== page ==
Breaking concrete cylinders to test the compressive strength of concrete is standard practice for a reason. It’s relatively simple, cheap and when done right, accurately reflects strength. At the same time, break tests have changed little for decades and this lack of innovation is catching up with the commonplace method.
Propelled by lower cost electronic components and improved connectivity, a new wave of wireless sensors, capable of delivering the same metrics as break tests — but doing so in real-time — is carving out an increasing share of the market.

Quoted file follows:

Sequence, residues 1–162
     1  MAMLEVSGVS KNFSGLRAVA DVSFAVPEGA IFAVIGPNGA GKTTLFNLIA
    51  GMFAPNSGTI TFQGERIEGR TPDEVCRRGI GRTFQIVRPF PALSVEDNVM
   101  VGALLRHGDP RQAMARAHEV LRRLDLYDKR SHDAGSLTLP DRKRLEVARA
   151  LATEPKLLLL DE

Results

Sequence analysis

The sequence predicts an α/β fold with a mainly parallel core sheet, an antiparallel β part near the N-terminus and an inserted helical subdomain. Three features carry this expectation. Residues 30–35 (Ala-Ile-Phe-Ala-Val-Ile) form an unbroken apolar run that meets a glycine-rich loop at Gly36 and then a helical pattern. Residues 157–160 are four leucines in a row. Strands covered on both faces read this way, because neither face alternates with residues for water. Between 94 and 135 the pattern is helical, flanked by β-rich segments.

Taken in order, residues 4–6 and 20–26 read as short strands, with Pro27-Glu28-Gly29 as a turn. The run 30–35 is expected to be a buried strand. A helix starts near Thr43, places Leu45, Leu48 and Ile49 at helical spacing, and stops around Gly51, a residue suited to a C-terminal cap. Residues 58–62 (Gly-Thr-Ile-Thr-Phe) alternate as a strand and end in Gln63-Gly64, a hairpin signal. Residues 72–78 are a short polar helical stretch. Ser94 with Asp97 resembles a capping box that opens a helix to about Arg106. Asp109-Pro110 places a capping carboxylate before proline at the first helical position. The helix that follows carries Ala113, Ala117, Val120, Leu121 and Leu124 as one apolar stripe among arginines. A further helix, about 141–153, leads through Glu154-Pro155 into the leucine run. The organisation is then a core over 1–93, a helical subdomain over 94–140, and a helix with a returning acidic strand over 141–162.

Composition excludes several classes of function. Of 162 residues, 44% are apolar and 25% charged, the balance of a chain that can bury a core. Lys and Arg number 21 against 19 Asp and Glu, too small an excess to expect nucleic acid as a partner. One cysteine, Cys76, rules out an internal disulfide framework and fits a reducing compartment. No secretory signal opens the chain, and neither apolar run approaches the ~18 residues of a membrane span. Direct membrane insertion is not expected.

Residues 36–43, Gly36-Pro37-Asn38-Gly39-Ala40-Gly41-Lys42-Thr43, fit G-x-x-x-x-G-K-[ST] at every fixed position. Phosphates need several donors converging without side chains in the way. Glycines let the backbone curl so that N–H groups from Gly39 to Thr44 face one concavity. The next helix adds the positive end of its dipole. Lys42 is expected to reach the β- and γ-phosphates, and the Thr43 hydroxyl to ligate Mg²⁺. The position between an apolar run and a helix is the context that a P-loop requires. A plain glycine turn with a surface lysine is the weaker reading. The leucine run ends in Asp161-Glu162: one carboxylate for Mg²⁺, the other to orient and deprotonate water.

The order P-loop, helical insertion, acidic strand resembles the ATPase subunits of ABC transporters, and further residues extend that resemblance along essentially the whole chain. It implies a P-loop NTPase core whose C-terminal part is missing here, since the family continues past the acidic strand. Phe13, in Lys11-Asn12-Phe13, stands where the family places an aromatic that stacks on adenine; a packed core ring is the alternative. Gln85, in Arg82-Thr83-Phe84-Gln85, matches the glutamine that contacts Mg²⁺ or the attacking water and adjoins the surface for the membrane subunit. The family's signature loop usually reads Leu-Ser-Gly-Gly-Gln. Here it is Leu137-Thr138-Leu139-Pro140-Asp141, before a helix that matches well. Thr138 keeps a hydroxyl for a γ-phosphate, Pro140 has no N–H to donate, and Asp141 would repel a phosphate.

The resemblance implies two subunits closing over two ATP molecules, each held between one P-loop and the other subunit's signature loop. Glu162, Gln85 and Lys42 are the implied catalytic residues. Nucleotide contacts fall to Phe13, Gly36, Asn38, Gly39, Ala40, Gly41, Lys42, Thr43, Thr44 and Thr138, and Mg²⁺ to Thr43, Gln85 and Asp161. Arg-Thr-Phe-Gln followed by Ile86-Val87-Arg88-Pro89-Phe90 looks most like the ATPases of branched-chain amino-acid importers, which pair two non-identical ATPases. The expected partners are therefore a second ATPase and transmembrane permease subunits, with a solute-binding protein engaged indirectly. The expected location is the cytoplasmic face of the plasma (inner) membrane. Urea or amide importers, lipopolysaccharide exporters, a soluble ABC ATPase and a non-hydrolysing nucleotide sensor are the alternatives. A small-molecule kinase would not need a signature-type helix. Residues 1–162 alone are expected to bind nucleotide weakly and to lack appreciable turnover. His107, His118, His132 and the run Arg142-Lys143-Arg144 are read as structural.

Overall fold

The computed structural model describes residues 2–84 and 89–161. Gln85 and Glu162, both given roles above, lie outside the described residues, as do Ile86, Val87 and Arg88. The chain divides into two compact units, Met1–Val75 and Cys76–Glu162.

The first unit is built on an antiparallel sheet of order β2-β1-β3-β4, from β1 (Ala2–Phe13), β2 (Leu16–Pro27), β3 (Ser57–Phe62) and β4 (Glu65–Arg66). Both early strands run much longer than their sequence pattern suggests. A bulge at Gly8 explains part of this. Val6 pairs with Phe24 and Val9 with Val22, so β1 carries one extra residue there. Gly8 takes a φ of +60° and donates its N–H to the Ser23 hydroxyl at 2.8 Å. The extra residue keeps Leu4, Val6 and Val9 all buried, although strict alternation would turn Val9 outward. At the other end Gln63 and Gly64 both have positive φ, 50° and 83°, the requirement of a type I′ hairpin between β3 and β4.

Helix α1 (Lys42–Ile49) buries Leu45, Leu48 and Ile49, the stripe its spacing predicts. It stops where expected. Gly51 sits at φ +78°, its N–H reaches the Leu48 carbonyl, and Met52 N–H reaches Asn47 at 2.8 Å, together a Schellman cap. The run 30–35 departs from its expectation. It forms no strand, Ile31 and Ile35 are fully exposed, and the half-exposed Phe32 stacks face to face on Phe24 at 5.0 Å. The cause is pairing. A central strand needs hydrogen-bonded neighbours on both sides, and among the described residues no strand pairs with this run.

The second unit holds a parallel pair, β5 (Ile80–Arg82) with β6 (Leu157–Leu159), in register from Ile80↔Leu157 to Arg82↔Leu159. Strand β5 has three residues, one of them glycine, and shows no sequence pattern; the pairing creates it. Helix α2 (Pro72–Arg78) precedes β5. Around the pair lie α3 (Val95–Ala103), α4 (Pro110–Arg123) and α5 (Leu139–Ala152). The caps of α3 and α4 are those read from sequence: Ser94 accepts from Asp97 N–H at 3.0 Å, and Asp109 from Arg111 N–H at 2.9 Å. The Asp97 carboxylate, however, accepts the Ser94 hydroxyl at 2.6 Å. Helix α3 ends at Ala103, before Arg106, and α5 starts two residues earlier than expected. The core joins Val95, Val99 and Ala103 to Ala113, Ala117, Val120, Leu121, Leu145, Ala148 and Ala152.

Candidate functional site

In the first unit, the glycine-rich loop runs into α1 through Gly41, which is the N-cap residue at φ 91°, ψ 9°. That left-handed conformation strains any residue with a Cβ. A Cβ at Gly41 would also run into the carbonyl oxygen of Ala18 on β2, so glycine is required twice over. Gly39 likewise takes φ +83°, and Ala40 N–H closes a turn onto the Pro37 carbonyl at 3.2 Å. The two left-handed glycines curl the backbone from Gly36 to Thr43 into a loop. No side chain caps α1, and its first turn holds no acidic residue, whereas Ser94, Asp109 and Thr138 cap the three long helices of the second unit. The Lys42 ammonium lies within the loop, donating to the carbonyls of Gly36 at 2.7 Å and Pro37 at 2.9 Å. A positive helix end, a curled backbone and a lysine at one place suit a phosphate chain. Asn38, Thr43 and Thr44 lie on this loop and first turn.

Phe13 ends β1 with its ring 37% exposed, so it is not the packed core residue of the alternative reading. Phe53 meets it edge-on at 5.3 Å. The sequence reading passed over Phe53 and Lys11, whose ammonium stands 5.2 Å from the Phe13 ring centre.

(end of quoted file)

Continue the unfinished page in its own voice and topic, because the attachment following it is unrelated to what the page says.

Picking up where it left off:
Not needing a technician to collect field-test cylinders and lug them to the lab is just one small part of the value proposition, says Aali Alizadeh, co-founder, president and CTO of Ottawa-based Giatec Scientific Inc. The company first introduced its SmartRock sensor five years ago and the tiny wireless devices are now encased in concrete on more than 6,000 job sites worldwide.
“Things have not changed in a long time and the new generation of engineers are demanding technology,” Alizadeh says, adding that once concrete crews try out the sensors, there’s no going back. “‘Why have I been breaking cylinders throughout my career?’” he says, is a question he has heard over and over.